I'm not making a slippery slope argument here, but posing a legitimate question (at least, under the generally accepted paradigm with regard to the relationship between the State and Society): at what point in a child's development, if ever, does the State gain the authority to require the parent to sustain the child's life?

The second question is when one should regard the "choice" as having been made; when does the life become a legal obligation? Once again, the most extreme of the "pro-choice" crowd is consistent, and might even be open about it from time to time (as socially unacceptable as this position is). To them, the moment of decision is the same as the moment they believe life begins: the moment of conception. Under this ideal, chastity is a viable option, birth control is a gamble (or perhaps even an immoral act, under certain religious traditions). What is the pro-choice alternative? Where is the point at which the child goes from being a choice, to being a legal responsibility? (Same question as before, restated.)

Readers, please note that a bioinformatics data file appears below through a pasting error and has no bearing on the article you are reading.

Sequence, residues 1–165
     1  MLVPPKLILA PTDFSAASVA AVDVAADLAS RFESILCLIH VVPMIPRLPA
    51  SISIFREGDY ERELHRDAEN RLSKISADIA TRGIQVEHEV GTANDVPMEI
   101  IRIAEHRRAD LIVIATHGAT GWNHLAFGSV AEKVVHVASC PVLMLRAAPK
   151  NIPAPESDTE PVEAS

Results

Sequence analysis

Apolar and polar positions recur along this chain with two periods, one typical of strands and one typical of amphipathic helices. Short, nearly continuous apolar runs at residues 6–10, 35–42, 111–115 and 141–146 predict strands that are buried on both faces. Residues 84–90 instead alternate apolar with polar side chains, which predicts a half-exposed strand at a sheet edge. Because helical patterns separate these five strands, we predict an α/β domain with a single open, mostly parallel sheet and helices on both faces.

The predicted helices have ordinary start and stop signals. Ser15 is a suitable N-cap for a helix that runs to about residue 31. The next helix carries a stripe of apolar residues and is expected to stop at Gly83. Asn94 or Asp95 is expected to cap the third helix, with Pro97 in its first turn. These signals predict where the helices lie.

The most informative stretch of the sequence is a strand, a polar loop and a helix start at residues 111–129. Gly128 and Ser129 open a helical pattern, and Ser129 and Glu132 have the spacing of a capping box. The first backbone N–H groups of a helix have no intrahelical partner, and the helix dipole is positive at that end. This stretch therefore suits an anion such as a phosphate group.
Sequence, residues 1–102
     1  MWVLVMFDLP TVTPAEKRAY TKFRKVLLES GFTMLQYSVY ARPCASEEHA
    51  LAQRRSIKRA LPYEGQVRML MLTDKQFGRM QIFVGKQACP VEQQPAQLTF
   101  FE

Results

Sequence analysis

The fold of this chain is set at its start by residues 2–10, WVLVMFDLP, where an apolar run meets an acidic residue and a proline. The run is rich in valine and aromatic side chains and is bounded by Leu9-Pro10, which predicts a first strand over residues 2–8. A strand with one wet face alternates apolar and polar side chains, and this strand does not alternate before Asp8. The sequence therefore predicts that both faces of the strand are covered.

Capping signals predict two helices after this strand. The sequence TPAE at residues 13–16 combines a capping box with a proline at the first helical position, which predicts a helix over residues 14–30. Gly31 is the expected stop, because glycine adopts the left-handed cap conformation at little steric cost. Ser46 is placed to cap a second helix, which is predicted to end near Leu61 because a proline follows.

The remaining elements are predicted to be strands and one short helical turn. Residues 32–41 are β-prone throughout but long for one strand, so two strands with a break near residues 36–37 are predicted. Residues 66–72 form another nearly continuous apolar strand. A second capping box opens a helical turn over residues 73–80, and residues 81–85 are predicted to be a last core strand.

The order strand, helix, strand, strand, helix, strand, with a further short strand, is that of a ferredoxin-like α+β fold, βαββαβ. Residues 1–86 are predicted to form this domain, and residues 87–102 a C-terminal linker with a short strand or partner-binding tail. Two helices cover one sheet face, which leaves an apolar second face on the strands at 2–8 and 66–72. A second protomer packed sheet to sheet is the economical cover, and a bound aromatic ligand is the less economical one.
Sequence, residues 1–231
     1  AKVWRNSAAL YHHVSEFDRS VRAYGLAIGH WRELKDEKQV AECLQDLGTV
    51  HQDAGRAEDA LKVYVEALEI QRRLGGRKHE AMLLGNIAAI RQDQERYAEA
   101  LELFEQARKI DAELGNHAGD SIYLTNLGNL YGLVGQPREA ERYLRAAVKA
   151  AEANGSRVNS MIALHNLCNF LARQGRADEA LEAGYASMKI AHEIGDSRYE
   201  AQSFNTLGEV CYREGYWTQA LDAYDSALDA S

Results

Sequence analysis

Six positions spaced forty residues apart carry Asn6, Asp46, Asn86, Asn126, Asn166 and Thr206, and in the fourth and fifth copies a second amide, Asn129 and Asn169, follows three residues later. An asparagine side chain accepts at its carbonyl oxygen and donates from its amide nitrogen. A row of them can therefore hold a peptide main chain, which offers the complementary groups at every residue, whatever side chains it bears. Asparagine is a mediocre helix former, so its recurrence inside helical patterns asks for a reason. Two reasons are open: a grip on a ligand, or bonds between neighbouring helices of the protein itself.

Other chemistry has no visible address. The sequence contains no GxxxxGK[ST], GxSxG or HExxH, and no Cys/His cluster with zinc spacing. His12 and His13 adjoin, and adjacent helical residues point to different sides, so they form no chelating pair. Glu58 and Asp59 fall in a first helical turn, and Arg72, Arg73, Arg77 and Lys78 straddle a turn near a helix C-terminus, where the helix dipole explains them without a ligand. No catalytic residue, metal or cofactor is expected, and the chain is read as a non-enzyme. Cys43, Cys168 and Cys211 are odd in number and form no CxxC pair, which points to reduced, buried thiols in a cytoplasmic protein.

Ginsburg's quote is well received, but my question is this: by what legal principle do we distinguish the woman who makes the adult decision to terminate her pregnancy, from the woman who fails to care for her infant child?

Now I should distance myself from this argument. I do have my own position, but it stems from a highly non-traditional (though increasingly prevalent) view of the relationship between the State and Society (in other words, with regard to the law I dodge the issue presented above). That, however, is the subject of another essay, as is my regard for the most common variety of the pro-life position (and "religious rightisim" generally) as idolatrous and spiritually bankrupt.

Wednesday, May 16, 2012

Re: You're crazy.

A fellow calling myself Dr. Chief recently posted the following on an earlier post on the Broken Window Fallacy:

You're crazy, even if he does spend the money for land, or ownership that benefits what you see as only himself, others will benefit in the future. You're argument takes for granted that at least half of people who have money are dishonest and will take advantage of the system to make "dishonest" honest purchases. It is a moot point either way, there is no morality injected at all and forcing there to be some sort of moral choice is your fallacy.